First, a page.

Brazzers Love Graph

Because love triangles have really boring structure.


The Data

I scraped all web pages of individual scenes on Brazzers website (at slow rate and text only) and for each scene I archived whatever structured data I could find.

In my database, Scene is the main entity and it has a bunch of attributes such as id, title, URL, release date, duration, number of views, likes and dislikes etc.

A Scene can also have relationships with other database entities:

  • Tag (many-to-many relationship), with 7.72 tags per scene on average.
  • Niche (each scene can be linked with only one niche), which refers to a niche website in Brazzers network.
  • Model (many-to-many relationship), consists only of model/actor name and their gender. On average there are 2.25 models per scene.
  • Activity (many-to-many relationship), an activity that can happen in a scene. The connection of Scene and Activity has attribute duration (how long some activity lasted in some scene). Duration of all Activities in a Scene don’t quite add up to duration of the Scene, because for some reason Brazzers didn’t count non-sexual activities like intros, chit-chat, and various manual labor activities (such as fixing the broken pipe, cleaning the pool or pizza delivery). Anyways, there are 13.84 distinct activities per scene on average.

The database consists of:

  • 7670 Scenes
  • 1974 Models (1642 female and 332 male)
  • 574 Tags
  • 178 Activities
  • 33 Niches

Now for some saucy pics… of graphs!

The Big Picture

Let’s start with a huge graph of all model relationships within the porn network. Nodes represent models and edges represent models being in the same porn scene.

So edges basically show us who had sex with whom. If there are more than two models in the scene, every model will be connected to every other model in that scene. I’m an old-fashioned kind of guy, so if they are having sex in the same place and at the same time, I assume they did it together. Everyone present is involved by default.

This means there is going to be a lot of same-sex relationships whenever there are more than two models involved.

I could have fixed this by checking if there are tags such as “lesbian” in the scene and if not I wouldn’t make connections between female models in that scene. Since Brazzers’ main target audience are straight men, there are no sex scenes between male models, so I wouldn’t have connected any two male models. But I settled for a broader definition of sexual act instead – if they did a scene together, they had sex, “no homo”.

Complete Brazzers Love Graph


Popular models are at the graph’s center. Since there are less male models and content is mostly straight, they are represented by nodes with the largest numbers of edges.

A popular male model and its connections

Nodes of popular female models build a web among each other and are almost all connected to popular male models nodes.

A network formed around two popular and two somewhat popular female models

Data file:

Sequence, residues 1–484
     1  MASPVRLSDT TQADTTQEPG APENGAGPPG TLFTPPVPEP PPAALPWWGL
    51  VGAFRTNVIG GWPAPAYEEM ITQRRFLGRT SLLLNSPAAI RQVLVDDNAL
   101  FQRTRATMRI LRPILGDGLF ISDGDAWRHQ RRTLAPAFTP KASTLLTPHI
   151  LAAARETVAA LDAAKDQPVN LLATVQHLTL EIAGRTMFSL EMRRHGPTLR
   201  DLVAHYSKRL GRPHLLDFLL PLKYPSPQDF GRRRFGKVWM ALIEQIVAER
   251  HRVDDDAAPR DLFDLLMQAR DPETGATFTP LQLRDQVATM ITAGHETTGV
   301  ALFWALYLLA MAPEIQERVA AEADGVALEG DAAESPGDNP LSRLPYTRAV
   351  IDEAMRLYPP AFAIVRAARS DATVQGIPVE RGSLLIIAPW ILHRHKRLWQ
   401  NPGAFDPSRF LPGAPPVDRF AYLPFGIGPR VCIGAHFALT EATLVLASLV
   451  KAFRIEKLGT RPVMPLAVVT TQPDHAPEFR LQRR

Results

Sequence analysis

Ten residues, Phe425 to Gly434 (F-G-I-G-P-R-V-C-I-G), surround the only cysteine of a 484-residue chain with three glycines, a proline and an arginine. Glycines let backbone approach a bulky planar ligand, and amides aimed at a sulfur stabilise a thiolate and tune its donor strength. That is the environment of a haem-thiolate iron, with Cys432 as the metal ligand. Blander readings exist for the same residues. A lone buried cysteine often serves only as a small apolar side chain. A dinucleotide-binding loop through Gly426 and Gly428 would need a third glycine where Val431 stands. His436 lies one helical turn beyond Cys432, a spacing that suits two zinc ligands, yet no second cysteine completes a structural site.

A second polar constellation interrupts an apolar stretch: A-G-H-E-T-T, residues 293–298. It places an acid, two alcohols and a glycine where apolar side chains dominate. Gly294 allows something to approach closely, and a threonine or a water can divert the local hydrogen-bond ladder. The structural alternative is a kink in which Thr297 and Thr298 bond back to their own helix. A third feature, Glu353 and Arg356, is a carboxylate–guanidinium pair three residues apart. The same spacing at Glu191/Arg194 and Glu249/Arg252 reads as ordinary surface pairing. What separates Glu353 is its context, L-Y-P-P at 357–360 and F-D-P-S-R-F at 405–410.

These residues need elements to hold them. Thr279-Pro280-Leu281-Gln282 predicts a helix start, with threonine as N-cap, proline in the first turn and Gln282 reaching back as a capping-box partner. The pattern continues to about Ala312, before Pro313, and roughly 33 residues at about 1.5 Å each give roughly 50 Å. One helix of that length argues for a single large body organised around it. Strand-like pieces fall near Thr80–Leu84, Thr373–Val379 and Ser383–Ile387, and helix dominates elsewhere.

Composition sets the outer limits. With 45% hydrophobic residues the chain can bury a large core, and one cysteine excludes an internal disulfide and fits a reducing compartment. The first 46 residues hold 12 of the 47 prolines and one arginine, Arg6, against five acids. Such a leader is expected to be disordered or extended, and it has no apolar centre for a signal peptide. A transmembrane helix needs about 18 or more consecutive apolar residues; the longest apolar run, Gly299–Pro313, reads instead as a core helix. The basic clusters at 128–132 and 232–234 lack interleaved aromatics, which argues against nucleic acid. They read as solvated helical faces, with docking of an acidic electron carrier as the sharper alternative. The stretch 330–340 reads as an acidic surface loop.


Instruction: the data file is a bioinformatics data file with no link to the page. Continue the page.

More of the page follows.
A network built around a very popular female model (upper central node) and a very popular male model (lower central node)

Less popular models are further from the center, but still have ties to it. Finally, some nodes are floating on the fringes of the graph because the models either did a small number of scenes or did scenes with small number of different models (this graph doesn’t say anything about how many scenes a model did. It only shows relationships between models).

Here’s a more informative graph in which female and male models’ nodes are colored differently, red and blue respectively, and node size is determined by the number of connections:



Network with visible gender and “popularity” of each model

By “popularity” of models, I mean how many connections they have in the graph. I didn’t scrape any info on numbers of likes and dislikes of models.




I hope that by seeing this Stasi-style graph you gained a new perspective on adult industry. Nothing new is found really, but just by looking at it from this point, interesting questions start to emerge. One of the obvious ones would be about gender ratio.

I don’t know about you, but the first thing that came to my mind when I rendered the graph of all those sexual relationships was ♪ risk management ♫.

It’s a network of unprotected sex. Apparently condoms are a huge turn off for audiences, so rubber is only acceptable in S&M and bondage context (in form of masks, boots and full body suits).

And, of course, sexual relations of these people don’t end with this network. Most models are performing for other studios too, some do escort work and probably most of them have personal relationships with regular people. Some of them party or at least have in the past partied with Charlie Sheen.

The more connected a node is, the more valuable and vulnerable it is. It means bigger risk of infection, especially considering the network tends to grow and most popular models are expected to “connect” even more.

I wouldn’t be surprised if their development team was calculating risk-to-value ratios of each model, which could help managers make decisions like approving scenes or choose different prevention strategies.

Maybe I just need to watch Cronenberg’s Shivers yet again and get it out of my system.

I’ll conclude with a warning: I barely scratched the surface of this data set, so expect more pr0n here.